Judge: Hamilton County Schools violated federal laws in special education case

Judge: Hamilton County Schools violated federal laws in special education case

July 17th, 2017 by Kendi A. Rainwater in Local Regional News

Deborah, right, and Luka Hyde talk Tuesday, April 18, 2017 in the River Gallery Sculpture Garden.

Photo by Angela Lewis Foster /Times Free Press.

A federal judge on Monday ruled the Hamilton County Department of Education violated multiple federal guidelines protecting students with disabilities when it removed a second-grader with Down syndrome from Normal Park Elementary School in 2013.

In the ruling, federal Judge Curtis Collier said the school district violated the Americans with Disabilities Act and Section 504 of the Rehabilitation Act, a federal civil rights law prohibiting discrimination against individuals with disabilities.

The case, which has been winding through the court system for more than three years, revolves around Luka Hyde, whose parents, Deborah and Greg Hyde, argue he shouldn't have been removed from Normal Park and segregated from his peers in a comprehensive development classroom at Red Bank Elementary.

The Hydes' attorney, Justin Gilbert, said Collier's ruling is important for children in Tennessee and across the country.

"The right to belong, the right to inclusion, and the right to avoid exclusion are all American civil rights," Gilbert said Monday. "We will look forward to being able to work with our county, not against it, so that together we make these rights a reality for kids with special needs."

Collier's decision about the ADA and Section 504 is based upon a previous ruling, as he determined in November 2016 that Hamilton County Schools violated the Individuals with Disabilities Education Act by placing Luka in an environment that was "more restrictive than necessary," saying that "[Luka] could receive a benefit from mainstreaming."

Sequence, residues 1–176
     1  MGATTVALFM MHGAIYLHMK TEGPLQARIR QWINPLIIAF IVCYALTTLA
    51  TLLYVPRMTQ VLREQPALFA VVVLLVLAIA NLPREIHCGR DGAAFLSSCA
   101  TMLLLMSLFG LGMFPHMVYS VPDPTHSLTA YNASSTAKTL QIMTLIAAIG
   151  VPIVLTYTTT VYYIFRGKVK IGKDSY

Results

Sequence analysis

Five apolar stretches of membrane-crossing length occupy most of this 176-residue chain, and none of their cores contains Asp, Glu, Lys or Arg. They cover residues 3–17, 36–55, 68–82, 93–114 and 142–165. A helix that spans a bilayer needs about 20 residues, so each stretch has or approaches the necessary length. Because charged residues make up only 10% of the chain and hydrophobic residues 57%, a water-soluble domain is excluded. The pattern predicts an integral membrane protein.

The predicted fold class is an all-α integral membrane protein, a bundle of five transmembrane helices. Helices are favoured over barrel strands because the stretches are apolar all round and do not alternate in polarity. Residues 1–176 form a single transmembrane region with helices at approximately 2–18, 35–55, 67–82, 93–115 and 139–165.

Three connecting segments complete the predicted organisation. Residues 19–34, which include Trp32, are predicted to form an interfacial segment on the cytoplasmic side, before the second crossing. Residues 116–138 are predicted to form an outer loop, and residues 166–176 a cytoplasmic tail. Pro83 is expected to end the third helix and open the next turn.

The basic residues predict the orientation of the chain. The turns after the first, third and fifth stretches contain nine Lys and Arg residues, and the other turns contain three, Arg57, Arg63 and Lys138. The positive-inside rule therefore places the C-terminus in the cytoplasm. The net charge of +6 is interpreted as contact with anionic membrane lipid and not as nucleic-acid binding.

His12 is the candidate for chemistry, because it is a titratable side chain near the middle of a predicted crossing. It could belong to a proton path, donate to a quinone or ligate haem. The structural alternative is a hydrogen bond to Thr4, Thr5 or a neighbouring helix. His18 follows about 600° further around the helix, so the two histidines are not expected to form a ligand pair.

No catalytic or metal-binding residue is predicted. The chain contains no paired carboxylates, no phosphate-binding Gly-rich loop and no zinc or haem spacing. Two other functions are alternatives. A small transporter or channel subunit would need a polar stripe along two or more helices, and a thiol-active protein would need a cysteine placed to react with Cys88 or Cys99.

Federal law states that students with disabilities must make reasonable progress toward individualized goals aligned in some way with grade-level standards, and they are not required to "keep pace with the curriculum," Collier wrote in a previous ruling in this case. The law also requires schools to educate students with disabilities alongside those without them to the maximum extent appropriate.

In the comprehensive development classroom, Luka's interactions with students without disabilities would be limited, and the curriculum would be more focused on developing life skills than academic aptitude. Decades of research show that including students with disabilities in regular classrooms with appropriate support benefits all students.

But about 80 percent of students with intellectual disabilities attending Hamilton County Schools are separated in comprehensive development classrooms for most of the school day, according to data from the Tennessee Department of Education. And standardized testing data from 2015 shows that in each tested subject, students with disabilities trailed their nondisabled peers by about 30 percentage points.

Collier's rulings could have implications for other parents who believe their children with disabilities could benefit from inclusion in regular classrooms and could force the Hamilton County Department of Education to rethink its approach to special education. About a dozen parents have told the Times Free Press the district is swift to segregate children into comprehensive development classrooms when it is not best for the child's development.

In Luka's case, court documents and testimony show that Hamilton County teachers and Normal Park's then-principal Jill Levine, who now serves as the district's chief academic officer, decided Luka needed to be moved from the school because he was struggling to make academic gains and they thought a comprehensive development classroom would provide him with more personalized instruction and support.

Collier writes in the most recent ruling that the district violated federal guidelines by removing Luka from the least-restrictive environment appropriate, but that the school system's actions were not the result of discriminatory intent.

Scott Bennett, the Hamilton County Board of Education attorney who represents the district in the case, did not return a request for comment Mondayafternoon.

In the ruling, Collier says the school district and the Hydes have seven days to bring up any issues they may have with his ruling. Collier did not address whether the Hydes are entitled to financial reimbursement.

Since being removed from Normal Park in 2013, Luka, now 13, has attended The Montessori School and will be enrolled in middle school classes this fall.

Contact staff writer Kendi A. Rainwater at krainwater@timesfreepress.com or 423-757-6592. Follow her on Twitter @kendi_and.